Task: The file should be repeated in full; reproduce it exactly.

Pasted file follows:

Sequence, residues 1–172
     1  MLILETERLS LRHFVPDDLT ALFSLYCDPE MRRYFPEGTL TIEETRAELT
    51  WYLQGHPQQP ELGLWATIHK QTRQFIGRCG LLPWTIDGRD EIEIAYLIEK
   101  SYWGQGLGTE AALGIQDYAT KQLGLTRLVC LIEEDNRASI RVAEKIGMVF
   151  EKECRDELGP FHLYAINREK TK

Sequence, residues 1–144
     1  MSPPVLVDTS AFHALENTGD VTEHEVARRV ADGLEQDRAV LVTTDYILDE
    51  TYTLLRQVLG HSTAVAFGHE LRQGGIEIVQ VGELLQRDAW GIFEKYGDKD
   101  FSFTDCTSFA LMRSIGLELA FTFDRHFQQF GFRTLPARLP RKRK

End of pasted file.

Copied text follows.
Sequence, residues 1–172
     1  MLILETERLS LRHFVPDDLT ALFSLYCDPE MRRYFPEGTL TIEETRAELT
    51  WYLQGHPQQP ELGLWATIHK QTRQFIGRCG LLPWTIDGRD EIEIAYLIEK
   101  SYWGQGLGTE AALGIQDYAT KQLGLTRLVC LIEEDNRASI RVAEKIGMVF
   151  EKECRDELGP FHLYAINREK TK

Sequence, residues 1–144
     1  MSPPVLVDTS AFHALENTGD VTEHEVARRV ADGLEQDRAV LVTTDYILDE
    51  TYTLLRQVLG HSTAVAFGHE LRQGGIEIVQ VGELLQRDAW GIFEKYGDKD
   101  FSFTDCTSFA LMRSIGLELA FTFDRHFQQF GFRTLPARLP RKRK